- The Washington Times - Sunday, February 15, 2004

Man kills wife, firefighter in standoff

LEXINGTON, Ky. — A gunman who told a reporter he was battling “alien clones” during a 6-hour standoff at his home was charged yesterday in the deaths of his wife and a firefighter.

Patrick Hutchinson, 45, surrendered Friday night, hours after fire and police crews converged on his house in southeast Lexington following a report that a woman had been shot.

At one point during the standoff, a reporter from the Lexington Herald-Leader accidentally called Mr. Hutchinson while trying to reach his neighbors, officials said. An editor alerted police, who asked the reporter to end the call.

The reporter said Mr. Hutchinson made doomsday proclamations, calling the standoff “Armageddon” and rambling about the CIA and a conspiracy.

Glitch identifies anonymous reviewers

NEW YORK — Many sign their names. Many don’t.

They’re the book reviewers on Amazon.com who use such words as “masterful,” “page-turner” and “tear-jerker.”

But the ones who sign their critiques only as “a reader from (fill in the city)” lost their anonymity this week when their identities were revealed on Amazon.com’s Canadian Web site.

Among those named were authors who posted glowing reviews of their own work, apparently to boost sales.

The glitch, reported yesterday by the New York Times, replaced pseudonyms with reviewers’ real names, laying bare a culture of self-promotion and potential for revenge among authors and users of the online retailer.

Tremor rattles Calif., no damage reported

BAKERSFIELD, Calif. — A magnitude 4.4 earthquake rattled parts of rural Southern California early yesterday. There were no reports of damage or injuries, officials said.

The temblor was reported at 4:43 a.m. and was centered 11 miles west of Wheeler Ridge in Kern County, according to a preliminary report from the U.S. Geological Survey.

The rural area is about 20 miles south of Bakersfield.

SUV shot at; highway shooter suspected

GRANVILLE, Ohio — A sport utility vehicle was struck by gunfire yesterday morning on Interstate 70, and investigators said it appeared to be linked to a series of 23 highway shootings near Columbus.

No one was injured in yesterday’s shooting near Pataskala, about 20 miles east of Columbus.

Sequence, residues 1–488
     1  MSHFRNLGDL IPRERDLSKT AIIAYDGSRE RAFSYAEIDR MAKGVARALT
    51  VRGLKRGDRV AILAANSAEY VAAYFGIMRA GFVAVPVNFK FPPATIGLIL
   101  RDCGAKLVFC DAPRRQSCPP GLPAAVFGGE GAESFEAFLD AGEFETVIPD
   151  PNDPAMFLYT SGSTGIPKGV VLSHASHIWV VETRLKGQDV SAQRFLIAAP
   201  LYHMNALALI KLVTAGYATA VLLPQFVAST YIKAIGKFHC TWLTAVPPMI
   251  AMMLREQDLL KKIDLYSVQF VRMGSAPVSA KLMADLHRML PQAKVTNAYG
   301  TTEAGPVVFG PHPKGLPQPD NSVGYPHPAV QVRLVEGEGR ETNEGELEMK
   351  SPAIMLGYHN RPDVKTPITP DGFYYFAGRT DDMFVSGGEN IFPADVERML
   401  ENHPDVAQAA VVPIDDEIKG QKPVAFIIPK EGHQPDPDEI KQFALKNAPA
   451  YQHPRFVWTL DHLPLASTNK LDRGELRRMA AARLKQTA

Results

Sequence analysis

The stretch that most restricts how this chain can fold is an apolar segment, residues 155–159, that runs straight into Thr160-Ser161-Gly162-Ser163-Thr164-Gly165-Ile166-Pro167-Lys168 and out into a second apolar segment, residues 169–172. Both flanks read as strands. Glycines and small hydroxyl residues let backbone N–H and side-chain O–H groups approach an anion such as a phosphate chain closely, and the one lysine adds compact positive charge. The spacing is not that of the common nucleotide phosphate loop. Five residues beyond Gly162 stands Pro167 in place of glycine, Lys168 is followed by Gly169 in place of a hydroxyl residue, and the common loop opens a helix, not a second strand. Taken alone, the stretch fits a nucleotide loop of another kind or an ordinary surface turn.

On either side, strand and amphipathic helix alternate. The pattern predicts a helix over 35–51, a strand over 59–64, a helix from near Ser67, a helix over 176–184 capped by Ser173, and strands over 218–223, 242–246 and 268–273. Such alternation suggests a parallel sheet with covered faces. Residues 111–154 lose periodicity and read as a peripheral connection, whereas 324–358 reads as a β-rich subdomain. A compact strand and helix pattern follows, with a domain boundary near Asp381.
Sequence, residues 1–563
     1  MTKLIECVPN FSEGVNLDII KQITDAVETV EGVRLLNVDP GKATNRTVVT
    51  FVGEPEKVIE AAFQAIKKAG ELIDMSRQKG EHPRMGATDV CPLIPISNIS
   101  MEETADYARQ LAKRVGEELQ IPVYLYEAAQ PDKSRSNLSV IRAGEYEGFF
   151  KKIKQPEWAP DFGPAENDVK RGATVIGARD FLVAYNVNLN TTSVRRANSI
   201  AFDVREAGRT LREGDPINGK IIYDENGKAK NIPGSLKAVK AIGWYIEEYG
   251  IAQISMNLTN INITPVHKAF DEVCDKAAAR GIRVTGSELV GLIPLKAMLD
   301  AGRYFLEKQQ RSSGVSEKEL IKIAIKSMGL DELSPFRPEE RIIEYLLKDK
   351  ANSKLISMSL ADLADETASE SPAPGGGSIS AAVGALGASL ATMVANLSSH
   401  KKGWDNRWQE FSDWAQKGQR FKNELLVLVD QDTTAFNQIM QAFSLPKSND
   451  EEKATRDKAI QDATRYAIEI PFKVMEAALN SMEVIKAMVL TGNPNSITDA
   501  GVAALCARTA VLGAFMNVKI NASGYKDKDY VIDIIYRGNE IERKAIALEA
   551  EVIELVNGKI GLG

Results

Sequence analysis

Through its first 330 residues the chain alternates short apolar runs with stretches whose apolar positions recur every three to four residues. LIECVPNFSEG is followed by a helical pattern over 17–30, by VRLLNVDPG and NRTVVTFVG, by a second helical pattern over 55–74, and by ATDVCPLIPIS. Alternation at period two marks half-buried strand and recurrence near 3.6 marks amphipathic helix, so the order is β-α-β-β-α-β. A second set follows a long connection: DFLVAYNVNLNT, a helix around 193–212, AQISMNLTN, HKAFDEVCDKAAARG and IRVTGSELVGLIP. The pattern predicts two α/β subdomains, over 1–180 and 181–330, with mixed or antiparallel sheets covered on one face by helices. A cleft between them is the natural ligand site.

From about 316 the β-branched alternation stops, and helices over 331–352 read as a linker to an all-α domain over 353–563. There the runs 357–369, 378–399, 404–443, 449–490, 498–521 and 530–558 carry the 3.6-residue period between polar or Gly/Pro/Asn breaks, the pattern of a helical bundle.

The Franklin County task force investigating the shootings said officers were headed to the site where the Chevy Suburban was struck, but they had not yet confirmed the link.

The driver described the shooter as a clean-shaven white man in his 30s driving a black compact car similar to a Chevy Metro, said Pat Snelling, a dispatcher with the patrol’s Granville patrol post.

The serial shootings began in May, though most have occurred since mid-October. One person has been killed.

Scientists prep rover for soil analysis

LOS ANGELES — Scientists fixed a glitch that froze the robotic arm on the Mars rover Opportunity and then prepared the robot explorer to dig a narrow trench in the Martian soil, NASA said yesterday.

Scientists hoped the patch of soil, dubbed “Hematite Slope,” would prove to be rich in the iron-bearing mineral, which typically forms in water.

Opportunity’s explorations were delayed on Friday because the rover failed to properly stow its robotic arm. Engineers sent instructions to the rover that fixed the problem, mission manager Jim Erickson said yesterday.

The glitch occurred because scientists had instructed Opportunity to perform what could have been an unsafe movement with the robotic arm. Faced with the conflict between that instruction and its safety instructions, the rover stopped with its robotic arm still extended until scientists revised the commands.

From wire dispatches and staff reports

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